Silver Cos. seeks retreat center, mining near Moss Neck Manor
Illustration of proposed retreat center planned by Silver Companies.
(updates – company to seek sand and gravel mining)
The Silver Companies, owners of 1,209 acres adjacent to the historic Moss Neck plantation and Fort A.P. Hill, is the business that is behind the decision by Caroline County officials to seek a zoning amendment that would allow the development of rural resorts.
If the county amends its zoning ordinance to allow rural resorts, Silver Cos. will seek approval to allow it to develop a corporate retreat center on its property, according to Jud Honaker, president of the company’s commercial development division.
In addition, the company plans to seek county approval to allow sand and gravel mining on the property.
The property, which Silver Companies also refers to Moss Neck, was the subject of a lawsuit that recently was dismissed.
It is bounded by Fort A.P. Hill and Burma Road and also is near the historic mansion, Moss Neck Manor. Confederate Lt. Gen. Thomas “Stonewall” Jackson’s army camped around the manor during the winter of 1862-1863, and Jackson was visited there at Christmastime by Gen. Robert E. Lee and Gen. J.E.B. Stuart. The restored historic home is owned and occupied by Gilbert Shelton and his wife, Judy, who oppose both the concept of a retreat center for a neighbor and plans to mine the neighboring property.
The Silver Cos., which has offices in Fredericksburg and Boca Raton, Fla., is a real estate investment firm. It has acquired and developed more than $1.3 billion of real estate in the past 20 years, according to its website.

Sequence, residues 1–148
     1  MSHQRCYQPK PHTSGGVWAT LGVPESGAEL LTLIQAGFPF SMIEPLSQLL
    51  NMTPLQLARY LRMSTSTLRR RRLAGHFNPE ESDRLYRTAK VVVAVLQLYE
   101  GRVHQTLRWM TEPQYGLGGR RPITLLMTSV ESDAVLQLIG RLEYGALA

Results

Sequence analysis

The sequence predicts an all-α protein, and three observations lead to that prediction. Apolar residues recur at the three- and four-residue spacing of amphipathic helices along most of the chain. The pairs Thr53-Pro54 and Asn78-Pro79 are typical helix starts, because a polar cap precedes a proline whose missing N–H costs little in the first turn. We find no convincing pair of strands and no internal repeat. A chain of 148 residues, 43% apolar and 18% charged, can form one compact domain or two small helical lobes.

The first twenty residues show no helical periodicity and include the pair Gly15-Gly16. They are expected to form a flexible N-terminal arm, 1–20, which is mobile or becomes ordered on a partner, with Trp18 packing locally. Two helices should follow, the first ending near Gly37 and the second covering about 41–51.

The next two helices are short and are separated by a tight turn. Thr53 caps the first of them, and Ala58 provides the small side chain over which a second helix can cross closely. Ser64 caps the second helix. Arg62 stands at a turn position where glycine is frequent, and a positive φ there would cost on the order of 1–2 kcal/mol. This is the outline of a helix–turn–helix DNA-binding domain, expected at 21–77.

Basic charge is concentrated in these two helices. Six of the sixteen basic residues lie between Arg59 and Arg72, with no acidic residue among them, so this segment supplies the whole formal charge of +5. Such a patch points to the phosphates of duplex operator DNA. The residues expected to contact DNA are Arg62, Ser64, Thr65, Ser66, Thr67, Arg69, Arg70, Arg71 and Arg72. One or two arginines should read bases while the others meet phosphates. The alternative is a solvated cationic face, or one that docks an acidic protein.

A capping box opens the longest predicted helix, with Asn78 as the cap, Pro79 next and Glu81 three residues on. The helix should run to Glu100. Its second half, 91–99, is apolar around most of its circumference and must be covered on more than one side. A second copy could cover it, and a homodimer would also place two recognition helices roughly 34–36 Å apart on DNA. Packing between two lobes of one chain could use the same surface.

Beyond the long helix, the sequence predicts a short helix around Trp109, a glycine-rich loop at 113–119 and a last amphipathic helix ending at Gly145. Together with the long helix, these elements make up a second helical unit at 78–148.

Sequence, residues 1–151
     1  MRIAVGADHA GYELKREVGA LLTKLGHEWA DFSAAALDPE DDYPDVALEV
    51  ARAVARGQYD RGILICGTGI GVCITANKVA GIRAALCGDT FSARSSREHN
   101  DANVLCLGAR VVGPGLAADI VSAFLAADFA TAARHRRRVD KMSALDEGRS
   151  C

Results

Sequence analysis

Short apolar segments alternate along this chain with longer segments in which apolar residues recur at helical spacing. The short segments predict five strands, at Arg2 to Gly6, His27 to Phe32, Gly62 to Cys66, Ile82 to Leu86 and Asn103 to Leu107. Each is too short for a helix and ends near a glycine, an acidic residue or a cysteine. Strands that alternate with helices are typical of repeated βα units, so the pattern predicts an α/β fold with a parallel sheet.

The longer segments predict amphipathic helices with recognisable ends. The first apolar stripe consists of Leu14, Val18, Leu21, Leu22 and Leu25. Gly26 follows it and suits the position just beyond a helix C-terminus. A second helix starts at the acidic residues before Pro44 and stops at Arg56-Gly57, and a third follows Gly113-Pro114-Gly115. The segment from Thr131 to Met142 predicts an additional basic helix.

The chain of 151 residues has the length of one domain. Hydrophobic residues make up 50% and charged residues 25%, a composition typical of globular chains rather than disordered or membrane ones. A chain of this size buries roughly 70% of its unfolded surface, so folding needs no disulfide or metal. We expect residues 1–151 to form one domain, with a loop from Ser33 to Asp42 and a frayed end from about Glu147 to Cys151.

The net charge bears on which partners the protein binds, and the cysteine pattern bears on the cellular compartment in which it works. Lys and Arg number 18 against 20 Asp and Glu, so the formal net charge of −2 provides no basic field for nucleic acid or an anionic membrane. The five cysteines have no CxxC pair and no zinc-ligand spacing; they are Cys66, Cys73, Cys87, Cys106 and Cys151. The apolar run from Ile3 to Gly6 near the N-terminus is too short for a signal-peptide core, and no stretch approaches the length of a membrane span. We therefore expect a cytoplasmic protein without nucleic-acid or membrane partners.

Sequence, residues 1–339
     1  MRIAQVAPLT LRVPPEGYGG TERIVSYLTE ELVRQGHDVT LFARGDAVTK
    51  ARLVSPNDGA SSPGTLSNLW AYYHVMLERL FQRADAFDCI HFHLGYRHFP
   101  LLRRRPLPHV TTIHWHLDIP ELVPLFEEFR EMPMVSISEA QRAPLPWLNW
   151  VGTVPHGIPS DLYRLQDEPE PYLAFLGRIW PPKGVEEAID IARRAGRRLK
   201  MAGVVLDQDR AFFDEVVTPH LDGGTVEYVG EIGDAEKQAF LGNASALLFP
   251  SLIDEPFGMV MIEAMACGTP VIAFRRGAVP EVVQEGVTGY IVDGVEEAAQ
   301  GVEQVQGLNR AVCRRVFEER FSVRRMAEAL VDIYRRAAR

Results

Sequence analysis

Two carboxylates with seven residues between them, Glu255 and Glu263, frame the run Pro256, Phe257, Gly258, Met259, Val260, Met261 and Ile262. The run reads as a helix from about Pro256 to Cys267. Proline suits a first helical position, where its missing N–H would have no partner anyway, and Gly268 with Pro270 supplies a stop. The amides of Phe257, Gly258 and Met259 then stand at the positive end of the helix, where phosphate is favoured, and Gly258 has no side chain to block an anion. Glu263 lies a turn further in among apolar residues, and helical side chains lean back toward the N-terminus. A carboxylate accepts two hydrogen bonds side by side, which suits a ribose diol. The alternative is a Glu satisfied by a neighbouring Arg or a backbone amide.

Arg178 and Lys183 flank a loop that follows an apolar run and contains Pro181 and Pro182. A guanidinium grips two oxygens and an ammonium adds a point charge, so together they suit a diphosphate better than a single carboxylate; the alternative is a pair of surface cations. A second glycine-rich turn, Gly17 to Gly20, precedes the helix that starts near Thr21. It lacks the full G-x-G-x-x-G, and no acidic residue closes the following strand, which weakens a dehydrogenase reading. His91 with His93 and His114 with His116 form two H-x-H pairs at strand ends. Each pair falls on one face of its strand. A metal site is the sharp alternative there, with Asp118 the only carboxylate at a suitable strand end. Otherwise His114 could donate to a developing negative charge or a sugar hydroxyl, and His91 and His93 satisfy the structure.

The Silver Cos. envisions a 12-room lodge being built on the property, Honaker said in a phone interview last week. The retreat center would represent an investment of about $6 million, according to initial estimates.
“We’re talking about a real high end, upscale facility,” said Honaker.
Silver Cos. hired Scott Little, former general manager of the Inn at Little Washington, to oversee the development of the retreat center, said Honaker. The Inn at Little Washington is a well-known luxury inn and restaurant in Rappahannock County.
The sand and gravel mining would be performed by Chaney Enterprises, which is based in Waldorf, Md. The company’s application may be ready within 30-60 days, indicated Honaker.
Chaney Enterprises has a good track record for its work to reclaim mined lands and has won national awards for environmental stewardship, said Honaker. Some companies will leave a mined area looking “like a nuclear bomb went off,” he said.
“We don’t want to deal with that kind,” added Honaker.
The plans for sand and gravel mining dovetail with plans for the retreat center, he explained. The ponds left after the mining process would be used for recreational activities in conjunction with the retreat center.
There are three sand and gravel mines located along the U.S. 17 corridor, including one that is only a few hundred feet from the Silver Cos. property. In addition, another sand and gravel mine has been approved nearby but has been stalled and tied up in a lawsuit.
Honaker acknowledged that the application to allow sand and gravel mining, which he estimated would be carried out for about seven years, is likely to generate resistance. “Obviously, there’s going to be opposition to that,” he said.
The proposed retreat center would be marketed to attract major corporations for retreats, meetings of boards of directors, and similar activities, said Honaker. The retreat center potentially would serve about 30-40 guests at a time. It may host other special events, such as weddings, he suggested.